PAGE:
Medical Device Definition (MDR/IVDR)
It is important to understand the definition of a Medical Device, or an In-Vitro Diagnostic Medical Device (IVD), as many manufacturers are confused about this, in particular in respect of products which may be regarded as borderline to a pharmaceutical, cosmetic, or to personal protective equipment.
The new EU Regulations provide an “upgrade” to the definitions of such devices in the previous Directives.
The key definitions are spelled-out within the directives and in particular if there is a need to clarify if a product has a pharmacological effect (i.e. a medicine), a mechanical effect (i.e. a device), or just surface treatment (i.e. a cosmetic) to the human body.
With the Medical Device Regulation (MDR) we have a slightly different definition to that in the Directive, however they lead to the same conclusion – the need to consider the primary mode of action i.e. will it have a mechanical action or pharmacological action, and this is key. This new regulation (MDR) defines the term “medical device” as;
Any “instrument, apparatus, appliance, software, implant, reagent, material or other article” intended to be used for any of the following medical purposes:
• Diagnosis, prevention, monitoring, treatment or alleviation of disease, disability or injury, where prevention of disability and injury is excluded
• Investigation, replacement or modification of an anatomical, physiological or pathological process
• Providing data via in vitro examination of samples derived from a human body
• Products intended for cleaning, disinfection and sterilization of medical devices
• Devices for the control and support of conception, even if they achieve their intended purpose by pharmacological, immunological or metabolic means.
Included into this Regulation’s scope now are some additional devices and some that were originally considered exempt cosmetic devices;
• Products introduced into the body via surgically invasive means in order to modify anatomy.
• Products and substances used for facial or other subcutaneous filling.
• Equipment used for liposuction, lipolysis or lipoplasty.
• High-intensity electromagnetic radiation equipment used for skin treatments such as tattoo and hair removal
• Equipment using electrical or magnetic currents to stimulate the brain.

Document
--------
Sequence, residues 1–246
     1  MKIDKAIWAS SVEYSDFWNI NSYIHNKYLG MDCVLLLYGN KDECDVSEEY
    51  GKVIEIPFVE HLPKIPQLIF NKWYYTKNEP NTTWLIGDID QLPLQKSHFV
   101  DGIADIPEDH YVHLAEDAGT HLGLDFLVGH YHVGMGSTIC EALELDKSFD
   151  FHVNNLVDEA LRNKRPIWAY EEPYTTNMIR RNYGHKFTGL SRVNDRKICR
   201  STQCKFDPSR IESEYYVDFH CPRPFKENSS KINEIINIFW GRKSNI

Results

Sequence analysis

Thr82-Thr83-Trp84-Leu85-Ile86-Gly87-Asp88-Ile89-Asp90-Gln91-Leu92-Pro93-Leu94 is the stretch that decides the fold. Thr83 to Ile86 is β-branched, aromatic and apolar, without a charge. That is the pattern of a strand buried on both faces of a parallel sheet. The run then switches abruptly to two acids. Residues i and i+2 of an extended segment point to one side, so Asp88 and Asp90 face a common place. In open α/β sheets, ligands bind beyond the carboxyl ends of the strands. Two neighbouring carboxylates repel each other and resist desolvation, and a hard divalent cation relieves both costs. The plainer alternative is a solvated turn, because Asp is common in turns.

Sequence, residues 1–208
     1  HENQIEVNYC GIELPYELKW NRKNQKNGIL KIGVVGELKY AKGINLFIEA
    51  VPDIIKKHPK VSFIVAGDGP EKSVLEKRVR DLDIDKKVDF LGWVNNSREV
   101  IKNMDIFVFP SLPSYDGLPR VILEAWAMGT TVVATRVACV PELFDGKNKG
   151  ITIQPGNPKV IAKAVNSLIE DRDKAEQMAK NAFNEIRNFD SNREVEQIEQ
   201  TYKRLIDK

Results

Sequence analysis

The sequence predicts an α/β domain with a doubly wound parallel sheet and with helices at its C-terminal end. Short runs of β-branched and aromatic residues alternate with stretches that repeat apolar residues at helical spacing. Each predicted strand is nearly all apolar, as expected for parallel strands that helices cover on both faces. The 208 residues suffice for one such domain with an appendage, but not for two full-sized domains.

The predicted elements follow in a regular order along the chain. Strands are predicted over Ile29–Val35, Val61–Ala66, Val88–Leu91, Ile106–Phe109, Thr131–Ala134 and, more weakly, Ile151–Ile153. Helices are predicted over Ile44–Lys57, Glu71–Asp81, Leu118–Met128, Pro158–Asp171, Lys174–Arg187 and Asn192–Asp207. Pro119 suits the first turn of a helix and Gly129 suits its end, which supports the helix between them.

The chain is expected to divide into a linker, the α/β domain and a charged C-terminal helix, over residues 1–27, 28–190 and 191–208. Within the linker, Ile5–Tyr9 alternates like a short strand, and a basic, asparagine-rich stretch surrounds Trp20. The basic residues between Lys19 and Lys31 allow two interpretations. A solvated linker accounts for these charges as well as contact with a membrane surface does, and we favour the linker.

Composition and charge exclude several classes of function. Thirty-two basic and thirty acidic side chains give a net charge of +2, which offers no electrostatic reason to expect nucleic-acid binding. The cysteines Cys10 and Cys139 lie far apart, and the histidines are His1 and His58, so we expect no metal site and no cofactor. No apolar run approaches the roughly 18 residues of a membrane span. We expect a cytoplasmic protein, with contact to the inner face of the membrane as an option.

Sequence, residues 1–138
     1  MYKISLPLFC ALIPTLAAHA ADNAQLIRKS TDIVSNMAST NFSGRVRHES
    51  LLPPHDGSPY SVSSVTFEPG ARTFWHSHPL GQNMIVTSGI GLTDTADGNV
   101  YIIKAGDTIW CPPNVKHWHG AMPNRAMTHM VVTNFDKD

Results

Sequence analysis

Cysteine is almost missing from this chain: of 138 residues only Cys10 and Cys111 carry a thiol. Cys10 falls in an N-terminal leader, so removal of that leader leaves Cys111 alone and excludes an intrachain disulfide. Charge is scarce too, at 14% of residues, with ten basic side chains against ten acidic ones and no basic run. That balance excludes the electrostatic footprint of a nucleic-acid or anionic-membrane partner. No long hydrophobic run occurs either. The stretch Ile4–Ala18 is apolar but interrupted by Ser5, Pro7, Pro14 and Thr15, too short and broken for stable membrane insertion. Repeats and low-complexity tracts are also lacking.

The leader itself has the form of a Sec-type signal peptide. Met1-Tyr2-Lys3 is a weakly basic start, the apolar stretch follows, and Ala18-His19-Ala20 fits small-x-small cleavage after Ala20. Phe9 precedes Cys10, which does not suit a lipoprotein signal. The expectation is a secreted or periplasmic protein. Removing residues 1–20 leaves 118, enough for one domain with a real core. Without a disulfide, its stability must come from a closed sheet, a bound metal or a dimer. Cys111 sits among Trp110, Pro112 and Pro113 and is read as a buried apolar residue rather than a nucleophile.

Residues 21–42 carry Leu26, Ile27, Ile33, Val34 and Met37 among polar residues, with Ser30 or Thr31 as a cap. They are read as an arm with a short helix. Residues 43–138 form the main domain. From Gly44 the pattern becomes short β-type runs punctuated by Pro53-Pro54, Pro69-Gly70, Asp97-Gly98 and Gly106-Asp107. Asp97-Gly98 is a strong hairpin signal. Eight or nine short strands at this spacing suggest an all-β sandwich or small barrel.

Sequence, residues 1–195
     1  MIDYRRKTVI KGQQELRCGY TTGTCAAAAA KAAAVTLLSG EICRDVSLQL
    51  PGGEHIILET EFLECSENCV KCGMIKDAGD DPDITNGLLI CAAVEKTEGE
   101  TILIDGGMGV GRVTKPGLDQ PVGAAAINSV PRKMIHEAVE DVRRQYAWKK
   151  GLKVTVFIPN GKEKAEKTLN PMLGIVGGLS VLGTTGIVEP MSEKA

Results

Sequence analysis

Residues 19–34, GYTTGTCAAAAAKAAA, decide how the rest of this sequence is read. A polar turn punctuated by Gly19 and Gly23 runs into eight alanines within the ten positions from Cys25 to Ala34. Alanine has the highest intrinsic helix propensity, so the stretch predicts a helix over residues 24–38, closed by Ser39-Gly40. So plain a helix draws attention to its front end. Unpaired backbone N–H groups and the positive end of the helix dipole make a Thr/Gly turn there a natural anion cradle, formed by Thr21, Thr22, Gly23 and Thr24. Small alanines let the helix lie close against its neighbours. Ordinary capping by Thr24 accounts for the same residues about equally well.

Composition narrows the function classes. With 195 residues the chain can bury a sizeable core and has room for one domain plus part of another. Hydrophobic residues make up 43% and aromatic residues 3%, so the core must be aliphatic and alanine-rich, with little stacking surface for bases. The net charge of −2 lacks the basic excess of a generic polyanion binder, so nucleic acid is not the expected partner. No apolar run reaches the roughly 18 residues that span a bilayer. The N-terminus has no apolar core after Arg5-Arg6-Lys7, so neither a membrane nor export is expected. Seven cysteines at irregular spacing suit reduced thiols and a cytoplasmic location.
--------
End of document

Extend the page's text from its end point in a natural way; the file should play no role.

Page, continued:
The In-Vitro Diagnostic Medical Device Regulation (IVDR) now gives the following definition which is much less vague:
‘in vitro diagnostic medical device’ means any medical device which is a reagent, reagent product, calibrator, control material, kit, instrument, apparatus, piece of equipment, software or system, whether used alone or in combination, intended by the manufacturer to be used in vitro for the examination of specimens, including blood and tissue donations, derived from the human body, solely or principally for the purpose of providing information on one or more of the following:
(a) concerning a physiological or pathological process or state;
(b) concerning congenital physical or mental impairments;
(c) concerning the predisposition to a medical condition or a disease;
(d) to determine the safety and compatibility with potential recipients;
(e) to predict treatment response or reactions;
(f) to define or monitoring therapeutic measures.
Specimen receptacles shall also be deemed to be in vitro diagnostic medical devices;
It should be noted that there is a combination possibility as some Medical Devices will incorporate pharmacological substances for them to operate and vice versa.
The key to having the correct definition is to remember what the primary function of a product is; a mechanical action with a pharmacological adjunct? or a pharmacological action with the need for a device to make it work?
It is important for manufacturers to understand and classify the devices to these regulations before they start any processes to place them on the market.